How to Answer “How Well Do You Work under Pressure?”

Your answer can make or break your chances of landing the job.

Reviewed by Chris Leitch

How to Answer ‘How Well Do You Work Under Pressure?’ concept

Job interviews aren’t exactly what you’d call a barrel of laughs. They can be stressful and uncomfortable to say the least, though a necessary evil if you want to land yourself a job and a steady income.

They can often feel like you’re being interrogated for a crime you did not commit, but preparing for the interview and difficult questions like “How well do you work under pressure?” can make all the difference.

In this quick guide, you’ll learn why interviewers ask this question, how to answer it and what mistakes you should avoid to blow the hiring manager’s socks right off and get the job.

Why hiring managers ask this question

It’s often a mystery as to why interviewers ask candidates certain questions during the hiring process, especially the bizarre variety, but there’s a perfectly valid reason why you’re being asked about your ability to work under pressure.

Employers want to know if you’re able to work efficiently in a demanding and fast-paced environment, and whether you’re prepared to go the extra mile. They want to know they’re hiring someone who can coolly evaluate situations, stay focused, take charge and simply get the job done.

This question, and the answers it elicits, not only helps prospective employers assess your capacity to work under pressure, however. It also helps them appraise your decision-makingproblem-solvingorganizational and time management skills.

Basically, what they’re really asking is: “Are you the kind of person we want on board when the going gets tough, or will you simply collapse into a useless, quivering heap?”.

How to prepare for this question

As this question is very popular with interviewers, you can expect that it will likely come up. This is how you can begin preparing for it:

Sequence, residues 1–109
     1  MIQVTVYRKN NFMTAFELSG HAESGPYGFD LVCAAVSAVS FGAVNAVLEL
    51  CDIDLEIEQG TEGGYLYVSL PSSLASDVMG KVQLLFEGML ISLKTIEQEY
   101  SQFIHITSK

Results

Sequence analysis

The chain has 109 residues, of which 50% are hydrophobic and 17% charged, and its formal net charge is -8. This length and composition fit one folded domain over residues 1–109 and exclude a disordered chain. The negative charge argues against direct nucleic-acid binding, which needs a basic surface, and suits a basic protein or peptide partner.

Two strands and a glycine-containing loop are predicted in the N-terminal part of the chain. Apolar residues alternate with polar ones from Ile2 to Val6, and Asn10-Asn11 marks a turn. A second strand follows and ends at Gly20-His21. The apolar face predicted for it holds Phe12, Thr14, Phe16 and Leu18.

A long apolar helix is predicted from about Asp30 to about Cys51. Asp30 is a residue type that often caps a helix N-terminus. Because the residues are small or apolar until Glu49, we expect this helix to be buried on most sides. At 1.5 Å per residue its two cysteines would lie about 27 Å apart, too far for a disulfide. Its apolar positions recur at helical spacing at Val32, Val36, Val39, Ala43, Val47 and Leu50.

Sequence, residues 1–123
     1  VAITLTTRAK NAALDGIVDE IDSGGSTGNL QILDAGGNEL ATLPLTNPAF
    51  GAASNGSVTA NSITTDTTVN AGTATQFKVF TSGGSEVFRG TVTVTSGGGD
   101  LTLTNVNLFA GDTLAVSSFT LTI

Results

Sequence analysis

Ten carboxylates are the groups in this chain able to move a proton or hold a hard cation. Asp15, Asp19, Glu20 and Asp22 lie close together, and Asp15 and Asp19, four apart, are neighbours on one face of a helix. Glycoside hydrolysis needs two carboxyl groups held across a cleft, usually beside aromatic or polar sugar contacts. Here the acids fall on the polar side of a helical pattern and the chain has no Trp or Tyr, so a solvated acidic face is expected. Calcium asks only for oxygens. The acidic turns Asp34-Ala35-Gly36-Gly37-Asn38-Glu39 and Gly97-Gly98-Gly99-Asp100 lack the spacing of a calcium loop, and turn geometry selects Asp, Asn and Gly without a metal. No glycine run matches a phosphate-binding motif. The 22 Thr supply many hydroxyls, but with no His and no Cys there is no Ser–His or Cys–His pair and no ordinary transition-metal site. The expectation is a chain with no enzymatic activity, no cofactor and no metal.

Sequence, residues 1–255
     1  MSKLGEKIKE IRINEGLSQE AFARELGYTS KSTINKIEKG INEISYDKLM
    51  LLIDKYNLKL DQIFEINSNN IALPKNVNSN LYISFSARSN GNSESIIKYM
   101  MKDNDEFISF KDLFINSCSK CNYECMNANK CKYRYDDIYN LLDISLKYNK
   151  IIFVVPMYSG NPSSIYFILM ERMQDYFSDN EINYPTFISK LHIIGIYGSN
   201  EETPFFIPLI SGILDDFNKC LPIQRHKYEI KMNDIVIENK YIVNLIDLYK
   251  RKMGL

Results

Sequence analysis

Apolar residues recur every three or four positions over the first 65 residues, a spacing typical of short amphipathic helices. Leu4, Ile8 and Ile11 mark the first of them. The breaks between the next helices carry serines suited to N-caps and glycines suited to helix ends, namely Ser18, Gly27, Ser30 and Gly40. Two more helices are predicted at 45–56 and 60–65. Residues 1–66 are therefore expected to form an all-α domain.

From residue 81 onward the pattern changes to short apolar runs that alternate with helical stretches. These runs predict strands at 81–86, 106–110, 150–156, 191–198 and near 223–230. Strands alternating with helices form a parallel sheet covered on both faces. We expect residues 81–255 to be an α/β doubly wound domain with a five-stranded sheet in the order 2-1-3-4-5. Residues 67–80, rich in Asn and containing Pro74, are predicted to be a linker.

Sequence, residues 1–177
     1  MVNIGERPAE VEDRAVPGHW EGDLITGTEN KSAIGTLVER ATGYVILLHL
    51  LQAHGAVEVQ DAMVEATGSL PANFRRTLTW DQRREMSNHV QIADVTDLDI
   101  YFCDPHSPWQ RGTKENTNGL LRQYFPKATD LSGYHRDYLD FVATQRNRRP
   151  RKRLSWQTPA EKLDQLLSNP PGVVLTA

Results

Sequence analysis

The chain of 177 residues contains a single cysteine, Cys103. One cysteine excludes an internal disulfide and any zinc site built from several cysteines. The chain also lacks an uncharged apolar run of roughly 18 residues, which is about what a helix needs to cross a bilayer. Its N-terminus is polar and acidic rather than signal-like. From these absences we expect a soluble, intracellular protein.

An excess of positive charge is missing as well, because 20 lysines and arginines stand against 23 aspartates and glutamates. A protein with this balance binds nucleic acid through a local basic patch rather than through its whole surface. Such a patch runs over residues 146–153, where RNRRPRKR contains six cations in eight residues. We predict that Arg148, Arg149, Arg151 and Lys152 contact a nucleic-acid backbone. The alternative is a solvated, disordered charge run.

• Consider stressful situations you’ve experienced in the workplace. Even though they were probably horrible, you survived them! Now it’s time to think about how you did that.
  • Write down some of the difficulties you faced, but don’t overemphasize them. This interview question isn’t a cue to start complaining about how toxic your previous work environments have been.
  • Break down your coping process. Do you start by pausing everything for five minutes? Do you rely more heavily on to-do lists? Consider the steps you take to navigate the stress.
  • Put together an answer that incorporates all of the above. When answering, you should avoid being vague. Keep your response concise yet specific.

How to craft a response

All career paths involve some degree of pressure, whether it’s hitting targets, meeting deadlines or managing multiple tasks at once — and some jobs are even more stressful than others (think: surgeons or firefighters, for example).

As such, the ability to work under pressure is a skill highly sought after by employers, and it is, therefore, important that you provide an answer that proves you’re perfectly capable of keeping your cool in difficult situations.

The following tips will help you do that.

1. Talk about how you thrive under pressure

It’s important to remember that your end-goal here is to assure employers you’re perfectly capable of handling things when the going gets tough and that your work performance is not hindered in demanding times.

You can do this by focusing on a situation where you were under immense pressure and explaining how you rose to the occasion.

2. Emphasize how you deal with stress

Employers know that work can be stressful from time to time, and they’re perfectly aware of the effects that overworked and overstressed employees have on their companies, which is precisely why they look for candidates who can apply practical methods when under pressure.

Your answer should convey your ability to stay focused on the task at hand during a major crisis — and definitely not how stressful situations make you feel!

3. Focus on a time you dealt with pressure from outside forces